Sunday, October 19, 2008

Emunah and Bitachon on Sukkot

Today is the second to last day of Sukkot. For 6 days, we have sat in our Sukkah, amidst the cold and chill, shaken by wind and rain, and yet we stand. We have eaten our meals out here. During the week-long chag, we have ventured forth from our warm, comfortable homes to make the sukkah, this little temporary hut, our dwelling place.

The sukkah, its bare walls and schach roof, teaches us that life is temporary. Despite our best intentions to secure ourselves, life is just as shaky and rough as a sukkah.  There was once a man traveling through Europe in the 1800’s. He came to the town where the Chofetz Chaim had lived. The traveler stopped in to meet the great Talmid Chuchum. When he arrived at the house, he saw that the Chofetz Chaim lived in a tiny home. He knocked on the door and when he looked inside he saw a nearly empty one-bedroom apartment. The traveler asked the Chofetz Chaim, “aren’t you the great Chofetz Chaim? How can you live like this? Where are all of your possessions?” The Chofetz Chaim turned to the traveler and posed the same question. “Where are all of your possessions? All you have with you is a suitcase.” The traveler answered, “Well, I am just passing through,” to which the Chofetz Chaim responded, “I too am just passing through.”

Out here, away from our big secure brick walls, we have none other to rely on that HaShem. In the sukkah, we are literally in His presence. It makes us realize how all of the events of our lives, all of the pain, the suffering, the blessings and the harshness, how all of it comes from HaShem. We are required to look upwards and to call out unto Him. In the sukkah, there is no hiding from the Ultimate Reality: HaShem, the One and Only.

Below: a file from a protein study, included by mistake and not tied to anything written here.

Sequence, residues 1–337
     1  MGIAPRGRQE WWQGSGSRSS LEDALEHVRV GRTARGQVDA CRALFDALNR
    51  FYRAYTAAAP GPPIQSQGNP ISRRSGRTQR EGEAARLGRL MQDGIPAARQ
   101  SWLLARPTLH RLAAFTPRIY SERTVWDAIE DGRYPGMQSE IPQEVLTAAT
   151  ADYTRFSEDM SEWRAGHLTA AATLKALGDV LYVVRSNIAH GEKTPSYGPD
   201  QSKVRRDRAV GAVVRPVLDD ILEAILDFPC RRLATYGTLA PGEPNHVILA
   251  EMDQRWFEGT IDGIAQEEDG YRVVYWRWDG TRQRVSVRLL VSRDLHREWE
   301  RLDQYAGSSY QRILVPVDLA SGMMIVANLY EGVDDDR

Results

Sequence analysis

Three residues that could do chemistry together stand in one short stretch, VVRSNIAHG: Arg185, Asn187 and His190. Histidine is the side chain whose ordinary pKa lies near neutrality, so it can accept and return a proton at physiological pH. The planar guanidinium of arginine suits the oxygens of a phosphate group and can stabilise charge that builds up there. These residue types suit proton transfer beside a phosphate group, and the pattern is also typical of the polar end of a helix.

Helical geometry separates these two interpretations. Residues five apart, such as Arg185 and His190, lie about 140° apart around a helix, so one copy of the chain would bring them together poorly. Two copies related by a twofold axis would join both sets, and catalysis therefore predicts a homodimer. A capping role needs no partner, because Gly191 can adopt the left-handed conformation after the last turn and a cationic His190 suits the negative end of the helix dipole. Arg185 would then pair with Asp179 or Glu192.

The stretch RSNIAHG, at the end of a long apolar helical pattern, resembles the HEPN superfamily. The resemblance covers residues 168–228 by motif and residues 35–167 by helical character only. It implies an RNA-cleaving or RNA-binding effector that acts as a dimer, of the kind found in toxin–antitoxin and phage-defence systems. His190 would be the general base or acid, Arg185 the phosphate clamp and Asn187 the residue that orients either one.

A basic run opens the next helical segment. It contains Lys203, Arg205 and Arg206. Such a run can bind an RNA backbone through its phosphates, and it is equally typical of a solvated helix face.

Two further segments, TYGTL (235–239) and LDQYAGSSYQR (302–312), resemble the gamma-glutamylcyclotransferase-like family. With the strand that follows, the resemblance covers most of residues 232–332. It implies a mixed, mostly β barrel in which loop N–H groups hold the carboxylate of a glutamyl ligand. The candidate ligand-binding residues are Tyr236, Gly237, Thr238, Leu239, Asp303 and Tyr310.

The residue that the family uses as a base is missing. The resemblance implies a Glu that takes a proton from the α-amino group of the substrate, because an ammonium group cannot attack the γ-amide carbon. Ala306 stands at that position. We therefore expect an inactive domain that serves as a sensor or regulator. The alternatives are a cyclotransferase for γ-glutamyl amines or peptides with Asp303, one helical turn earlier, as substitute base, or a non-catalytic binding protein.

The Talmud quotes two opinions as to why we sit in the sukkah. Rabbi Akivah explains that it is because the Children of Israel sat in sukkot when they left Egypt. Rabbi Eliezer holds that it represents the clouds of glory that G-d encircled Israel in during their sojourn in the desert. The Shulcha Aruch, which never holds by the opinion of Rabbi Eliezer, surprisingly agrees with him. So what are the clouds of glory? Why do we commemorate them as opposed to all of the other miracles that G-d performed for us in the desert? The answer is simply. G-d provided the Nation of Israel with heavenly manna and a travelling well of water during our 40 years. And yet we don't commemorate those miracles because G-d had to provide us with food and water. He took us out of Egypt so He had the responsibility of feeding us. But the Clouds of Glory were simply for our own comfort. G-d led us by a pillar of cloud by day and a pillar of fire by night. He flattened out the desert for us, raised valleys and lowered mountains. He did not let our foot falter. HaShem protected us from the elements, made sure that we didn't shvitz or get uncomfortable. The Clouds of Glory are HaShem going the extra mile to show us how much He loves us. So Sukkot is the celebrationg of G-d's love for Am Yisrael.

Yisrael, betach be'HaShem, ezram u'maginam hu. Israel, trust in HaShem, their Helper and Shield. Everything that happens to us comes directly from HaShem, the all Merciful Father. Despite the apparent harshness and injustice of a situation, it is all for the best. HaShem is kind to all and only wants us to grow. Harsh and sweet both come from HaShem as test for out own good.

Chag sameach!


Anonymous said...

"Who after all speaks today of the annihilation of the Armenians?" was part of Hitler's argument for the Holocaust.

Today the President of Israel denies the Armenian genocide. As a Jew don't you have a moral obligation to repudiate this disgusting statement, particularly in light of your opposition to Holocaust denial?

Bar Kochba said...

Certainly! Am Yisrael has an obligation to be a light unto the nations. That's why I believe that Israel has a moral obligation to end the genocide in Darfur and to support human rights worldwide.

Eitan said...

Anony makes a very good point. The genocide of the Armenians at the hands of the Turks should be remembered the same way the Holocaust is remembered. The Israeli gov't should be ashamed of itself for many, many abominations, one of which has been its denial of the Armenian Holocaust.

Bar Kochba said...

Of course! It is shameful to kowtow to Turkey and deny the Armenian genocide in the name of "friendship". However, Israel's chief rabbi, Rabbi Yonah Metzger, has met with Armenian leaders and pledged to help remember.